I found the article a bit confusing, due to the initial discussion about lower back curve (inward) but then a series of photos that seem to focus on mid back curve at the top of the backswing from a caddy view rotated.
The different options for leg work, such as keeping a flexed right knee on the backswing or straightening the right leg would seem to have an effect upon the lower back to some degree, or even quite significantly.
Another thought I had when reading the article was whether this is geared toward a power move only, or for precision ball striking. Player vs. Long Drive Champ. Very different types of swings generally speaking.
I tend to be a bit skeptical about an article that is focusing on everything about turn, coil, and loading up the muscles like a spring to unleash an assault onto the golf ball with no discussion about what is going to happen after impact. If misinterpreted, this can often lead to massive over acceleration issues, loss of shaft flex, and inconsistent ball striking.
I did see the mention about the unnamed tour pro who was faulted for driving his legs toward the target, causing a hip stall…
however, I think this has more to do with improper ground pressures which inhibit active torso rotation post impact. The player in question clearly loses spine tilt, and fails to properly load into the right foot on the downswing, blocking off the arms from getting to a flat entry along the 4:30 line.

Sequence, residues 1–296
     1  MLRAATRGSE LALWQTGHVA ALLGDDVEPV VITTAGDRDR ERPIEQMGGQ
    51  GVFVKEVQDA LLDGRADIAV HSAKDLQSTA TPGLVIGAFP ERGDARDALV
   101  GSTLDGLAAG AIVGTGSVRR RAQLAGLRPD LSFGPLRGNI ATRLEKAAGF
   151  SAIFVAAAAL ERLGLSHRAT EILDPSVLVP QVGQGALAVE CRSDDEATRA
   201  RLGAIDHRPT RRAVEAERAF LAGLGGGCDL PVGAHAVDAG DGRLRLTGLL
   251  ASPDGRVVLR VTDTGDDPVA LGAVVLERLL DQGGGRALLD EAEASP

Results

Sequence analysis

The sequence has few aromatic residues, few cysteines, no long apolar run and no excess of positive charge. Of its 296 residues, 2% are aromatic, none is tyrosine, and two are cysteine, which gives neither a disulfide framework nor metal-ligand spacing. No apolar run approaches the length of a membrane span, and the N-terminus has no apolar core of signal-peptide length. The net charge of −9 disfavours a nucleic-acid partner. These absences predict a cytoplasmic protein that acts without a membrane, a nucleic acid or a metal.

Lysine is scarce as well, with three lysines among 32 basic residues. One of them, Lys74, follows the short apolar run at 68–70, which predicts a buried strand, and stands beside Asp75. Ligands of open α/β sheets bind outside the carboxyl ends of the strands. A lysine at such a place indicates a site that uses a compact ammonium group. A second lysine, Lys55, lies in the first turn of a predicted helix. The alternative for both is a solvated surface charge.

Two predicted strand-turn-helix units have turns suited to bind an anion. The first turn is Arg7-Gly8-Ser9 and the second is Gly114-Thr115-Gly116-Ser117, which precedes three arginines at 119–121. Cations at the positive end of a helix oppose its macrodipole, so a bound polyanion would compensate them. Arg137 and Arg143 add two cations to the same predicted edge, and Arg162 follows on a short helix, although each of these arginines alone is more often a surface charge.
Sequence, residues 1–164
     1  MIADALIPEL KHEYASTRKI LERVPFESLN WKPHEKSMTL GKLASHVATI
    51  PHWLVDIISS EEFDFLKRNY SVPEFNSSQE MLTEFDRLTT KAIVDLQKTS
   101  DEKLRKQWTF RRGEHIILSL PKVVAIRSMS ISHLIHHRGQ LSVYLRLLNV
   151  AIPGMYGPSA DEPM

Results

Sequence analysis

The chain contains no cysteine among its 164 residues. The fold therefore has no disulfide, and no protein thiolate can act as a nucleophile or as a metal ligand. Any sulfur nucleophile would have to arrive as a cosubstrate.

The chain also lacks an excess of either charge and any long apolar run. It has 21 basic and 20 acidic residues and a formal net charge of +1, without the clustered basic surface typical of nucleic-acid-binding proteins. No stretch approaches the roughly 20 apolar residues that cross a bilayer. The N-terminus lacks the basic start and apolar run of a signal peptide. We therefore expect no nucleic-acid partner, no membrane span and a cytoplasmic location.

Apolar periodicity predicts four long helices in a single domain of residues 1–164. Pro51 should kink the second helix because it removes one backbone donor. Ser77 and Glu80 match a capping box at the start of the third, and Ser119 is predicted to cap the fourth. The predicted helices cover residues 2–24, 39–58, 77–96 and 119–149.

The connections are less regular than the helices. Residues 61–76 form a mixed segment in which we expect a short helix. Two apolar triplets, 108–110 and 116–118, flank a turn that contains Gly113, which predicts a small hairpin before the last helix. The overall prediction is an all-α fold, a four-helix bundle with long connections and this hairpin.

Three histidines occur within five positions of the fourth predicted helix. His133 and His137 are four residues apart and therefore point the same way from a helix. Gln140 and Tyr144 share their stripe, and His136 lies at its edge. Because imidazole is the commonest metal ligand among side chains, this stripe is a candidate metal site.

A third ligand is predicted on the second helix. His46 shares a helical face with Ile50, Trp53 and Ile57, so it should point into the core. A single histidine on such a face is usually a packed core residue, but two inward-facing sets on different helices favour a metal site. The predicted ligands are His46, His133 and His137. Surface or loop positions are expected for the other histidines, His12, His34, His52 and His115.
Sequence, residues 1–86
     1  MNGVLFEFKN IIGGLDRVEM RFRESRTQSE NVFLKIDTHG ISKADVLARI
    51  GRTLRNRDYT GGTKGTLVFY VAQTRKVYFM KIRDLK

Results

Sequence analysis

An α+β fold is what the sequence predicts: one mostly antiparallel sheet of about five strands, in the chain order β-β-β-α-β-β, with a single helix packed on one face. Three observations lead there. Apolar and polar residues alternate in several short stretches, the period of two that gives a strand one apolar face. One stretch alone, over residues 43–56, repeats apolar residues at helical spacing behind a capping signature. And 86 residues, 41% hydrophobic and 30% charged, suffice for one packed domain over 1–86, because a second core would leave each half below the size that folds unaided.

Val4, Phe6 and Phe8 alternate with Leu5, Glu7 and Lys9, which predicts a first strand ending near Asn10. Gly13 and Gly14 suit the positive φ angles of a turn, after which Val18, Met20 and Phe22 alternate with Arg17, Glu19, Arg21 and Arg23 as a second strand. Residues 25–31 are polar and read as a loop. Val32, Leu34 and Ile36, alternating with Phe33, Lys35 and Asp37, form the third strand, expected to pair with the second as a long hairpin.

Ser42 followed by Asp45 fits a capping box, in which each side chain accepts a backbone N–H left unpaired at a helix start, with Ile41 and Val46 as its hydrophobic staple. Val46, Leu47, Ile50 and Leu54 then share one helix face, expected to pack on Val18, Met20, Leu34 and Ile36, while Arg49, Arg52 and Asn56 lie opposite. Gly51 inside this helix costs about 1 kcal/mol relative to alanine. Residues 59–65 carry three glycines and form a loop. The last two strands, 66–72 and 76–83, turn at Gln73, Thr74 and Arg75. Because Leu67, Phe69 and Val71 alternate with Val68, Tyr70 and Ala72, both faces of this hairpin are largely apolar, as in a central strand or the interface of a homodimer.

A lateral movement of the knees through impact can be very good biomechanically, if done like Tony Lema. Tony had fantastic torso rotation ontop of firm and braced knees through impact.
Lema’s left knee is like a rock… right through the frames, establishing low point quickly with the torso grinding actively on top, combined with fantastic hand action… ultimately holding shaft flex… top stuff… Lema won the British Open in 1964, coincidentally at St Andrews.
I disagree that a lateral leg drive is bad methodology, even though I don’t employ that significantly in my own swing. I probably should.
Fully rotated shoulders on the backswing, turning around proper spine tilt, should put the weight over the right ankle, and see the player in a good transitional pass through at the top of the backswing. This should encourage what the author is getting at.
From there (the top), cupping the mid or lower back could be beneficial, but only if the torso is working properly post impact…
otherwise, we likely have another long hitter reaching for another golf ball… and not a pure striker like Lema holding shaft flex.